Native Plants

ISC-Audubon promotes the preservation, conservation, and restoration of the native plants and native plant communities. Native species are those that occur in the region in which they evolved. Plants evolve over geologic time in response to physical and biotic processes characteristic of a region: the climate, soils, timing of rainfall, drought, and frost; and interactions with the other species inhabiting the local community. Thus native plants possess certain traits that make them uniquely adapted to local conditions, providing a practical and ecologically valuable alternative for landscaping, conservation and restoration projects. In addition, native plants can match the finest cultivated plants in beauty, while often surpassing non-natives in ruggedness and resistance to drought, insects and disease.

The benefit of growing plants within the region they evolved is that they are more likely to thrive under the local conditions while being less likely to invade new habitats. Native plants are well adapted to local environmental conditions, maintain or improve soil fertility, reduce erosion, and often require less fertilizer and pesticides . These characteristics save time and money and reduce the amount of harmful run-off threatening the aquatic resources of our streams, rivers, and estuaries.  With the large variety of grasses, ferns, wildflowers, shrubs and trees from which to choose, native plants can fulfill any landscaping need, from simple container gardens to showy perennial borders to expansive public lawns and gardens.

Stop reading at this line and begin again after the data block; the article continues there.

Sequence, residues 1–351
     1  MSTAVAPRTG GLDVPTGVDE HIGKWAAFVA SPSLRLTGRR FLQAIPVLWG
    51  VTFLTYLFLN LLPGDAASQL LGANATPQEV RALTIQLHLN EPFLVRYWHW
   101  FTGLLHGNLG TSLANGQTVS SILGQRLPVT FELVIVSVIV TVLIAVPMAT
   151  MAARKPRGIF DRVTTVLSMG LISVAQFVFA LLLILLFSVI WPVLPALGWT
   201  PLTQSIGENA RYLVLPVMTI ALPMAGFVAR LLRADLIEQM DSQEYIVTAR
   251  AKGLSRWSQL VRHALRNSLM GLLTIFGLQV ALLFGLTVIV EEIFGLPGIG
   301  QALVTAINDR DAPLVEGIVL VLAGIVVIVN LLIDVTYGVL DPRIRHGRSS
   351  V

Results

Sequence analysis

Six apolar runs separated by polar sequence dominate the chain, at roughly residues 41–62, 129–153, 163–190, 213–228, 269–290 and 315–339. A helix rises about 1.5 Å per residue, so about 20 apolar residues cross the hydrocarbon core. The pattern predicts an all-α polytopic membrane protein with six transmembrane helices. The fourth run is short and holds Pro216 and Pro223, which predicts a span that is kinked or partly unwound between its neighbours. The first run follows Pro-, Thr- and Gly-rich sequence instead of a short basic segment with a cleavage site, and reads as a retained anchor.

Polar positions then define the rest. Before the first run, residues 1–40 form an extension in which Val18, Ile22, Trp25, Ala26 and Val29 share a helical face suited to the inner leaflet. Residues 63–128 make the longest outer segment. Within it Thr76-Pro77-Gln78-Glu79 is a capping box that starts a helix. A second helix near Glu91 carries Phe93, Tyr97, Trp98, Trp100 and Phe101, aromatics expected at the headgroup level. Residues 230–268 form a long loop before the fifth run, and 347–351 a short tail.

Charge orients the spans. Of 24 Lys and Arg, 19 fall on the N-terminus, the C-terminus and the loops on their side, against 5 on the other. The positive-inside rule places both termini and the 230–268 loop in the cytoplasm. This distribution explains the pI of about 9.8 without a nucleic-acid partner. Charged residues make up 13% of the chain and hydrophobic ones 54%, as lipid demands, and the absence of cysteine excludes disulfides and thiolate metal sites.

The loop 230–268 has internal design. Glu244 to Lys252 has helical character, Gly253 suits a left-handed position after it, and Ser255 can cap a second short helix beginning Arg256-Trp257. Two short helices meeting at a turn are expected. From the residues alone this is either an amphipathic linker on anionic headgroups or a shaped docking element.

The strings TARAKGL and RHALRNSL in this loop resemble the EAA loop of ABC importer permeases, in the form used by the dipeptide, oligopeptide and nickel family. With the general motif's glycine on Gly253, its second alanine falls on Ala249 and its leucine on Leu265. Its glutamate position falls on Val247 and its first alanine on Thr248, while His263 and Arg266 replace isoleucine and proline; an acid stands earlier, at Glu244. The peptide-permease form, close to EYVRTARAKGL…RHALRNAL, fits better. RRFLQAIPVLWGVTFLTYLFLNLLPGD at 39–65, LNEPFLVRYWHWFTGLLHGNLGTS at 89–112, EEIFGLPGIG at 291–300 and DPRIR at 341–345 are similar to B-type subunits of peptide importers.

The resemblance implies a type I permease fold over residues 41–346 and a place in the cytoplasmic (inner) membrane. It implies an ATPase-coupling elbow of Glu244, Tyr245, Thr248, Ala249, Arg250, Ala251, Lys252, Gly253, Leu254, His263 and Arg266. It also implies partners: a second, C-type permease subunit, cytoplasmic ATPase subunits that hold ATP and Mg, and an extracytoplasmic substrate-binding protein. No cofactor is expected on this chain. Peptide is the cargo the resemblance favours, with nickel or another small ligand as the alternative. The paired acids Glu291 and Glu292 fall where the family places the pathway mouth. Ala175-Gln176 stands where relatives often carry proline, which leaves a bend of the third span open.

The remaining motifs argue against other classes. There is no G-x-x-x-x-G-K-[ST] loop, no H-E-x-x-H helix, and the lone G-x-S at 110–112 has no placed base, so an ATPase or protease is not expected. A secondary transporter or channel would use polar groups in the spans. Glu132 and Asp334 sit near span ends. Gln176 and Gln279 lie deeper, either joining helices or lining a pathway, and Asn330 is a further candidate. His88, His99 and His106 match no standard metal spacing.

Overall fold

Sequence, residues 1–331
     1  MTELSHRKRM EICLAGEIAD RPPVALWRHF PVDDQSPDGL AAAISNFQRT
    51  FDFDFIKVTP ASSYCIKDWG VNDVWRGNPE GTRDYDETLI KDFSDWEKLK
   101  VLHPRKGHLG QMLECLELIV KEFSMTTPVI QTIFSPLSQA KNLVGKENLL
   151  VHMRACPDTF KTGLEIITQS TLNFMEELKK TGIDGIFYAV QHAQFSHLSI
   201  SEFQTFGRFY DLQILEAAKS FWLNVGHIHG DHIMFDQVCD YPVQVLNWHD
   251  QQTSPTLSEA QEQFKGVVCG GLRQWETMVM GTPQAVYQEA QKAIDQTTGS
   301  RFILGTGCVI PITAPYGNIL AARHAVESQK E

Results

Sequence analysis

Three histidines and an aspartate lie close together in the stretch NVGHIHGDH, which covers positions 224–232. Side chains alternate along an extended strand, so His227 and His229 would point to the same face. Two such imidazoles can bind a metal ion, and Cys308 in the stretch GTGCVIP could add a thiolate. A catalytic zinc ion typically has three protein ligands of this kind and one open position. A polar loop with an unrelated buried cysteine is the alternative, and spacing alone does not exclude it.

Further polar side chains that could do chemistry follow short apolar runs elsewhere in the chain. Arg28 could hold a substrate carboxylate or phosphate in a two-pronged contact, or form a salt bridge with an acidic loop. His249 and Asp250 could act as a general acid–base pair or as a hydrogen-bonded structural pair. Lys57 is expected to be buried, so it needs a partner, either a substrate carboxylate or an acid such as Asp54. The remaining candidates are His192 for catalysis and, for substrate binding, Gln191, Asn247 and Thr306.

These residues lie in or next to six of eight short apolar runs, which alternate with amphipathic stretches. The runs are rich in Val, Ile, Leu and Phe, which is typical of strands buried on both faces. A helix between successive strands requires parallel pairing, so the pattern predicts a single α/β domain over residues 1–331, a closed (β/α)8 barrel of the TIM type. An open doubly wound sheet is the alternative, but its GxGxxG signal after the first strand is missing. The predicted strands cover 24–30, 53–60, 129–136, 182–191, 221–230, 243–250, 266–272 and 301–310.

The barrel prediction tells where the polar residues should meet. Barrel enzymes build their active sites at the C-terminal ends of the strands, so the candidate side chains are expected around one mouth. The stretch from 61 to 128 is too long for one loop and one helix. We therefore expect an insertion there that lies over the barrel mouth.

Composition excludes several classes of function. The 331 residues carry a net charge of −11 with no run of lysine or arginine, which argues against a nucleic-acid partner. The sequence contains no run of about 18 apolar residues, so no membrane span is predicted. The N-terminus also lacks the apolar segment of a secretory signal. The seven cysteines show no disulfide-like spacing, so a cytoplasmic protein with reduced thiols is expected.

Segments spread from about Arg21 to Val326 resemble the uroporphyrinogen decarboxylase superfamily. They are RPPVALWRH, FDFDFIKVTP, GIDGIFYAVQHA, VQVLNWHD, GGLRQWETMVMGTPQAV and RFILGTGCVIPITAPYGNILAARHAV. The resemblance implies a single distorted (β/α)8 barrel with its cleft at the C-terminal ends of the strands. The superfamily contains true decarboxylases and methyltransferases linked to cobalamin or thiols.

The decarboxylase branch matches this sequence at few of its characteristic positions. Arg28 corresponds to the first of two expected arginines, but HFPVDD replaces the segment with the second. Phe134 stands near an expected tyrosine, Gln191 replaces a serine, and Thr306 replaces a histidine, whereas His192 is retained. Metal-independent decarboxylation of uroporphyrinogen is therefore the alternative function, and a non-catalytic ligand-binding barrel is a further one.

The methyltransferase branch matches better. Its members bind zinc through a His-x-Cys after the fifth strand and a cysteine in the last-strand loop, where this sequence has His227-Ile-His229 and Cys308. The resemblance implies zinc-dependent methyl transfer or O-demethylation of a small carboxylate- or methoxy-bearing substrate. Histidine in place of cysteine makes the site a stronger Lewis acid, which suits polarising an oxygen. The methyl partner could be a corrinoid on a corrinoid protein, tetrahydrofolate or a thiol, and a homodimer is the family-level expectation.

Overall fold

Native plants provide familiar sources of food and shelter for wildlife. As natural habitats are replaced by urban and suburban development, the use of native plants in landscaping can provide essential shelter for displaced wildlife. Land managers can use native plants to maintain and restore wildlife habitat. 

On a broader ecological scale, planting native species contributes to the overall health of natural communities. Disturbances of intact ecosystems that open and fragment habitat, such as land clearing activities, increase the potential of invasion by alien species. Native plants provide important alternatives to alien species for conservation and restoration projects in these disturbed areas. They can fill many land management needs currently occupied by nonnative species, and often with lower costs and maintenance requirements. Once established in an appropriate area, most native plant species are hardy and do not require watering, fertilizers, or pesticides.